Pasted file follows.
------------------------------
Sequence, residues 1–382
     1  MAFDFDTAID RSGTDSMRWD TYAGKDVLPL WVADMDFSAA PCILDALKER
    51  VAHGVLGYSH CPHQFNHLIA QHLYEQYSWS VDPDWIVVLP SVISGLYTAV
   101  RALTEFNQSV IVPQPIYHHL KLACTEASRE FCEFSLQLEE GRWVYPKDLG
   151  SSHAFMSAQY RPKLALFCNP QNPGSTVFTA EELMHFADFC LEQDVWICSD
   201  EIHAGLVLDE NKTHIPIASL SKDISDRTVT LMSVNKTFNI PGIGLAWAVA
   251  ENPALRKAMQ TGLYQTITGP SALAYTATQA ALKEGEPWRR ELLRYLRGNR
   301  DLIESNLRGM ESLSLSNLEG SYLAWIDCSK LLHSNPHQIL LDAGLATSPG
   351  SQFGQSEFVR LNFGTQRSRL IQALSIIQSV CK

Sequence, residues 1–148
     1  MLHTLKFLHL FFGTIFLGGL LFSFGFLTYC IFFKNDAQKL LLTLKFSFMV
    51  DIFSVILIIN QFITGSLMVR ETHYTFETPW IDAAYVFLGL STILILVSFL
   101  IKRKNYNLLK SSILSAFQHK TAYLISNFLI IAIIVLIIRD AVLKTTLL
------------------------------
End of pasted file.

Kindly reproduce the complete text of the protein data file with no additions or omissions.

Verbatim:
Sequence, residues 1–382
     1  MAFDFDTAID RSGTDSMRWD TYAGKDVLPL WVADMDFSAA PCILDALKER
    51  VAHGVLGYSH CPHQFNHLIA QHLYEQYSWS VDPDWIVVLP SVISGLYTAV
   101  RALTEFNQSV IVPQPIYHHL KLACTEASRE FCEFSLQLEE GRWVYPKDLG
   151  SSHAFMSAQY RPKLALFCNP QNPGSTVFTA EELMHFADFC LEQDVWICSD
   201  EIHAGLVLDE NKTHIPIASL SKDISDRTVT LMSVNKTFNI PGIGLAWAVA
   251  ENPALRKAMQ TGLYQTITGP SALAYTATQA ALKEGEPWRR ELLRYLRGNR
   301  DLIESNLRGM ESLSLSNLEG SYLAWIDCSK LLHSNPHQIL LDAGLATSPG
   351  SQFGQSEFVR LNFGTQRSRL IQALSIIQSV CK

Sequence, residues 1–148
     1  MLHTLKFLHL FFGTIFLGGL LFSFGFLTYC IFFKNDAQKL LLTLKFSFMV
    51  DIFSVILIIN QFITGSLMVR ETHYTFETPW IDAAYVFLGL STILILVSFL
   101  IKRKNYNLLK SSILSAFQHK TAYLISNFLI IAIIVLIIRD AVLKTTLL